So, will Modi succeed where Vajpayee failed?

The government is moving quickly on the sale and it appears that it wants to do it as soon as possible. After giving the green light for its sale in June, the government formed an alternative mechanism led by Jaitley, reminiscent of the UPA’s Group of Ministers era, to speed up the process of privatising the airline. The panel, which includes Civil Aviation Minister Ashok Gajapathi Raju, Railway Minister Piyush Goyal and Commerce Minister Suresh Prabhu, is looking into various aspects related to its Rs 52,000 crore debt, transferring some assets to a shell company, and strategic sale of its profit-making subsidiaries. On 30 August, after a meeting of the panel, the government decided to appoint transaction advisers who will advise and assist the government in carrying out the disinvestment.

Bird Group, which is active in ground-handling operations at seven airports, has expressed interest in acquiring Air India’s ground-handling arm, Air Transport Services Limited. The airline is also getting rid of its non-core assets such as flats, residential and commercial land plots, and so on. It got a good response recently to an auction when 10 of the 14 properties put up for sale received more than their reserved price. Low-cost airline IndiGo has already sent in a formal letter evincing interest in acquiring the international operations of Air India and Air India Express. “Alternatively, we are interested in acquiring all the operations of Air India and Air India Express,” the letter read. Many others have also shown interest but not formally.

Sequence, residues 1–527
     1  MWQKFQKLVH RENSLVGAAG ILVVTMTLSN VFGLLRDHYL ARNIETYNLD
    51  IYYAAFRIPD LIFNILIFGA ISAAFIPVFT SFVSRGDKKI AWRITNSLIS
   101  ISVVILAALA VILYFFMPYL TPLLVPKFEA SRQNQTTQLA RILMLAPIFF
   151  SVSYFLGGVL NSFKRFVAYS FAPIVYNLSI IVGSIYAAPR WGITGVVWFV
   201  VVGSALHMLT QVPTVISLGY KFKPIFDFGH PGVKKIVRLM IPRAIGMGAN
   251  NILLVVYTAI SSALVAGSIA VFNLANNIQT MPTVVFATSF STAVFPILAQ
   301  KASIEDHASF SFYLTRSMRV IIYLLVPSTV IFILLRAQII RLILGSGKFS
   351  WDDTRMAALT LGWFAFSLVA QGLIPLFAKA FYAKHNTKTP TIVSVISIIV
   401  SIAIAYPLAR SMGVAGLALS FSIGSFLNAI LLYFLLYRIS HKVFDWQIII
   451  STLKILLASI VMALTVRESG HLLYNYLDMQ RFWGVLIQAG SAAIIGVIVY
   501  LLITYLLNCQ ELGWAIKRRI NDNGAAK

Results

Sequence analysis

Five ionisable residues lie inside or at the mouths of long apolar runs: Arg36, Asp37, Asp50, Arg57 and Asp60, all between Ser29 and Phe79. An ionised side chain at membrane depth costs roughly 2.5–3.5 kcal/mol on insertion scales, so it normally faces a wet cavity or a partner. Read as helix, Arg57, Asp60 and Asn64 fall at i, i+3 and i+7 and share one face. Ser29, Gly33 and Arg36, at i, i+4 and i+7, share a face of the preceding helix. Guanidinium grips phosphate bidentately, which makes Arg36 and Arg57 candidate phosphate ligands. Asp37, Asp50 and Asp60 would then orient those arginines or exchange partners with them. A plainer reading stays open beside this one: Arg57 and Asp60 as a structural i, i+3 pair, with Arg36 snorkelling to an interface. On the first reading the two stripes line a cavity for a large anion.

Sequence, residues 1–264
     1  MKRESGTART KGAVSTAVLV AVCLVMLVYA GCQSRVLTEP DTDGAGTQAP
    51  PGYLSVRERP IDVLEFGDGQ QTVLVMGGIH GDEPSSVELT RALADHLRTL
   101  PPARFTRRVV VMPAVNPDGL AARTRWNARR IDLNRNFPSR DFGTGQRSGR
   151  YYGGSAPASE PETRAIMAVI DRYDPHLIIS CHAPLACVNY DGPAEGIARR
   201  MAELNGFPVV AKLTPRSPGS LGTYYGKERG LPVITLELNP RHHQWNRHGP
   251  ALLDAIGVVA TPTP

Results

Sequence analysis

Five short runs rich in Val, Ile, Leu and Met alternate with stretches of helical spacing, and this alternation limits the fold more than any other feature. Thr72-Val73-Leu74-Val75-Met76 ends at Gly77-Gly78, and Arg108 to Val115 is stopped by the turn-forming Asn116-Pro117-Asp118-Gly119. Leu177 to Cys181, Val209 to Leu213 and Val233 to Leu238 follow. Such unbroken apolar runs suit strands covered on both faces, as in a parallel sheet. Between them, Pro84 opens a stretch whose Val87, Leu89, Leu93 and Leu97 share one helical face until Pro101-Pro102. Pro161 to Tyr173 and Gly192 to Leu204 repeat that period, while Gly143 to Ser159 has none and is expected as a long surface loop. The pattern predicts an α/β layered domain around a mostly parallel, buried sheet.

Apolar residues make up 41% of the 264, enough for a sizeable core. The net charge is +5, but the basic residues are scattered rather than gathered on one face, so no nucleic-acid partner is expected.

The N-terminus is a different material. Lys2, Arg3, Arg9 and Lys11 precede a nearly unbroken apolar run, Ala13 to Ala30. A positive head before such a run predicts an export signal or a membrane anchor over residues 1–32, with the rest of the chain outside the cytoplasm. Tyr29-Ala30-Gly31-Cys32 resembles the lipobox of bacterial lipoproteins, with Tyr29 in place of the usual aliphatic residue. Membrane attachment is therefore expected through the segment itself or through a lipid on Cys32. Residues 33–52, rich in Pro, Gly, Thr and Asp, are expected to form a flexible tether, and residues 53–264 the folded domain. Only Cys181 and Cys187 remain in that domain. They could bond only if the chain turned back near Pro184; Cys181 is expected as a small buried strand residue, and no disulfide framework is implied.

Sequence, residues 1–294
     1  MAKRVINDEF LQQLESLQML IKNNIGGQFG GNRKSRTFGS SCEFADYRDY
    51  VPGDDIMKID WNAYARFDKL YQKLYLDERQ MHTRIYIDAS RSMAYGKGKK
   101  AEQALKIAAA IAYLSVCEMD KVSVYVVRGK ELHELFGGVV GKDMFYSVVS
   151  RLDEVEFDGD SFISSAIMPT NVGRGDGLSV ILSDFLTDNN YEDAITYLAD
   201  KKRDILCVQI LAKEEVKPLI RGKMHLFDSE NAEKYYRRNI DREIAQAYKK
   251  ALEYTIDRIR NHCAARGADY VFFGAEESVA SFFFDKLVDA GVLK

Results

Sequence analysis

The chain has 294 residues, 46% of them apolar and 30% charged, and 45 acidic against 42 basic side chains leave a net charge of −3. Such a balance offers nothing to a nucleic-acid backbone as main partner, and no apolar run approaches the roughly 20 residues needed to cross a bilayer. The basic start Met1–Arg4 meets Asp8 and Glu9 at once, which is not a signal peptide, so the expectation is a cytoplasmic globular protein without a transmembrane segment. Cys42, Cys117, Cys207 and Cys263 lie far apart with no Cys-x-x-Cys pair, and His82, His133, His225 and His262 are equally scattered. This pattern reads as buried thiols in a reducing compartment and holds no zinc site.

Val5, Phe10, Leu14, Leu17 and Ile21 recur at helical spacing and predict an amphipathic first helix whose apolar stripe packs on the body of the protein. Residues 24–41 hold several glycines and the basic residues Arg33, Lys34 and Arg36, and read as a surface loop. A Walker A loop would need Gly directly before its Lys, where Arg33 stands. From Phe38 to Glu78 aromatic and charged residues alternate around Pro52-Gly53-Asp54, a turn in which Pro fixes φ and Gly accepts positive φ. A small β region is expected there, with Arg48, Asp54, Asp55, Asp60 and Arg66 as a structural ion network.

What makes Air India attractive is its international traffic market share (17 per cent), which is the largest in India with a fleet of 140 planes, including 23 Boeing 787 Dreamliners, training centre with Boeing 777 and 787 Dreamliner aircraft simulator, Star Alliance tag, which cost Air India more than $100 million, four $300 million slots at London Heathrow airport and many such at other international airports, largest number of aircraft hangars in the country, big art collection and attractive real estate in prime locations.

With the kind of concerted effort the government is putting into privatising Air India, it seems that the taxpayers will be relieved of the pain by the end of this fiscal. It’s a golden opportunity the government can’t afford to miss.